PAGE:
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At Denver's South High School, need for food pantry grows in COVID-19 era
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DENVER — For years, the goal of South High School's food pantry has been "to make sure none of our kids go to bed hungry at night," said co-founder Greg Thielen.

During the COVID-19 pandemic, with many families thrown out of work, that mission has taken on even greater urgency.

"Without the food bank, we would definitely be in a pickle," said student Raymond Rolon. "My mom got laid off some hours, so having the produce come to us really helped us out."

Thielen and Jaclyn Yelich founded the pantry in 2014 with their daughter was a student at South High, in Denver's Washington Park neighborhood. She's now out of college, and they're still at it.

The pantry opens every Thursday to serve students and their families.

Colorado Voices

South High Food Pantry

3:00
Published:

Food pantry at South High School in Denver is seeing higher numbers of those in need.

The school has a highly diverse student body — economically, ethnically and culturally. According to Denver Public Schools data for the current school year, 43% of South High's student population qualifies for free or reduced-price lunch, 54% of students are non-white, and 32% are English-language learners. 

Traditionally a school that welcomes immigrants, as author Helen Thorpe documented in her 2017 book "The Newcomers," South's students come from dozens of countries.

"It's a melting pot. ... It's so many different ethnic groups here," said Jettie Middleton, the family liaison coordinator at South High and a former banquet executive. "We're not looking at backgrounds or anything. We're just happy that we can ... be of service to our community."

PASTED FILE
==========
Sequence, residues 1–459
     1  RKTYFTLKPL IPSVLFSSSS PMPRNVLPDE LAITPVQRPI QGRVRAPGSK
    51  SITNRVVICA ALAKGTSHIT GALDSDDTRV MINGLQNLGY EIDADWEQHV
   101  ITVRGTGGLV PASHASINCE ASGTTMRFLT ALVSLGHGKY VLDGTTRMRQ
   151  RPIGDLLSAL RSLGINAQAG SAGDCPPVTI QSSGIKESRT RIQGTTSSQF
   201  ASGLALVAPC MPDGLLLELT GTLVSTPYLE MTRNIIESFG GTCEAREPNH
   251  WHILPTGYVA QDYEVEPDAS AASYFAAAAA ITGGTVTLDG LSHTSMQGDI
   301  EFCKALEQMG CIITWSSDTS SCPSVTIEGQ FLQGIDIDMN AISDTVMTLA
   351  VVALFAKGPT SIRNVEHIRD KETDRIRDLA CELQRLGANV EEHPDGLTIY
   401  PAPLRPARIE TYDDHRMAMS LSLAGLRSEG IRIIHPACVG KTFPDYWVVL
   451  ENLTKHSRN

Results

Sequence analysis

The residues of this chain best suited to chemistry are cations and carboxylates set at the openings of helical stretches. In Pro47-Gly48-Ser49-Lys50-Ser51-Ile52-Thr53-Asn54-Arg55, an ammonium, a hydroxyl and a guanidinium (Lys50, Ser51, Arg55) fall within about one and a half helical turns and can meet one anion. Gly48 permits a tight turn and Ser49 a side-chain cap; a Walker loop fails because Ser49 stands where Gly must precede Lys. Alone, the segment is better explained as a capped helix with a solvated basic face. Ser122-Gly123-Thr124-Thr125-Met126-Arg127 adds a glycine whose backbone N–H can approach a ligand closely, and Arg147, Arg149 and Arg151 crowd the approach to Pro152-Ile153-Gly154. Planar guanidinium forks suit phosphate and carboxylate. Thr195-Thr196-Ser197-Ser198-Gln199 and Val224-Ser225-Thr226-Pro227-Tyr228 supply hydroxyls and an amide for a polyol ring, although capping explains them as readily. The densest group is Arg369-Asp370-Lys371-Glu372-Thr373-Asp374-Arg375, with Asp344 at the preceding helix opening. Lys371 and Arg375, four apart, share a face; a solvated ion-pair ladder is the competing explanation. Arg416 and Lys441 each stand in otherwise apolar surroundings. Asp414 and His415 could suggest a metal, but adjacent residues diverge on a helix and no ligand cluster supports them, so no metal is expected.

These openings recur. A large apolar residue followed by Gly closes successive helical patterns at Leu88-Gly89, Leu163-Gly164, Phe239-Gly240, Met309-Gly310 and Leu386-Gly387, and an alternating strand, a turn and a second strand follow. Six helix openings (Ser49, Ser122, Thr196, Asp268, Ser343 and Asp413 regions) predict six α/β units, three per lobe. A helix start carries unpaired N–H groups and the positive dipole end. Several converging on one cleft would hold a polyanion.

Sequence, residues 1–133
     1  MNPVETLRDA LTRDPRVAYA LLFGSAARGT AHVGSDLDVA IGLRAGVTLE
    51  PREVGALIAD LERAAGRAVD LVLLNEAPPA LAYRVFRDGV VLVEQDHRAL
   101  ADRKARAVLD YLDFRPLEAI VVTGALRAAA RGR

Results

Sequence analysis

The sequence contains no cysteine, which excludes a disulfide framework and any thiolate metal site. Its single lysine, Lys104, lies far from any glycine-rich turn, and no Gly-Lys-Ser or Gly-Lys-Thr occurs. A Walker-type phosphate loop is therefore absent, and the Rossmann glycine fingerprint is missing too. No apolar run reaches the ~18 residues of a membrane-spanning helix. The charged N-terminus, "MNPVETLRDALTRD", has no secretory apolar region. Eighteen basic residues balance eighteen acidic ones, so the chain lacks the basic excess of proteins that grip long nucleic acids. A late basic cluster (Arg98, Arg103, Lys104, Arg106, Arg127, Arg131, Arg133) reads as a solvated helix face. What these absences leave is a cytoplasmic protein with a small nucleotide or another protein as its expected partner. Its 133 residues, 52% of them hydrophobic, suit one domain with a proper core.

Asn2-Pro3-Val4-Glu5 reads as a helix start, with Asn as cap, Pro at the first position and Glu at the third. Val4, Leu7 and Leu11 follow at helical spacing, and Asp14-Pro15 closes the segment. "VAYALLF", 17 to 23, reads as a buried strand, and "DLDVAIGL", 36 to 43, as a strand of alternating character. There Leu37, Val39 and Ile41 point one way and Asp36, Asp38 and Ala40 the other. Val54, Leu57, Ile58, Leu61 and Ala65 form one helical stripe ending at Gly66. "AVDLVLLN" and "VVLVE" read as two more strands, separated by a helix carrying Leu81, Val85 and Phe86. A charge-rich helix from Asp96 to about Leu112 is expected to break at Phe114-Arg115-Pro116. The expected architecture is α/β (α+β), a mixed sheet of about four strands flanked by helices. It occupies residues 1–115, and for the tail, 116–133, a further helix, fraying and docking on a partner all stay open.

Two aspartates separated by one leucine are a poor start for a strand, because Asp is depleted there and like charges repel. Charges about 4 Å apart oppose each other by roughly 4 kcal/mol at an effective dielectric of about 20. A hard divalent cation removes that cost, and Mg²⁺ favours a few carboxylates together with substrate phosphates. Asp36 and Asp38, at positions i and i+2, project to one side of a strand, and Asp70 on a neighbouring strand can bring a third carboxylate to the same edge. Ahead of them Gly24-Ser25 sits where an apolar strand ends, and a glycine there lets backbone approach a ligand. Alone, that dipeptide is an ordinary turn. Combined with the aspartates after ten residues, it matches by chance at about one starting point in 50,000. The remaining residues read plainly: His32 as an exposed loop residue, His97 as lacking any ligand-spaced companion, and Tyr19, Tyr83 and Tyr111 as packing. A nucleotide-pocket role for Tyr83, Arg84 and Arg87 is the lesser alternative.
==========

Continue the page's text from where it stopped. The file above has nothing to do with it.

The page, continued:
At the pantry, about 35 regular volunteers help sort, pack and deliver food and home supplies each week. The pantry typically serves nearly 100 families a week — about 500 people.

Food is donated by We Don’t Waste, an organization that reclaims fresh food, and Food for Thought, an organization focused on feeding kids in partnership with Food Bank of the Rockies. Additional food is purchased through a grant from the Healthy Food for Denver’s Kids (HFDK) Initiative.

Because of COVID, the pantry stayed open during last summer's school vacation for the first time, said volunteer Sandra Wright. "[We knew] a lot of our families would be hit with job loss [and] more food insecurity."

During the pandemic, the pantry is delivering food to more than 30 families a week.

"Sometimes they need just that little bit to make ends meet," Middleton said. "They may be just, like, two meals away from not having anything in the freezer."

HOW TO HELP

If you'd like information on how to help the South High food pantry, email Jaclyn Yelich at jyelich2@msn.com.

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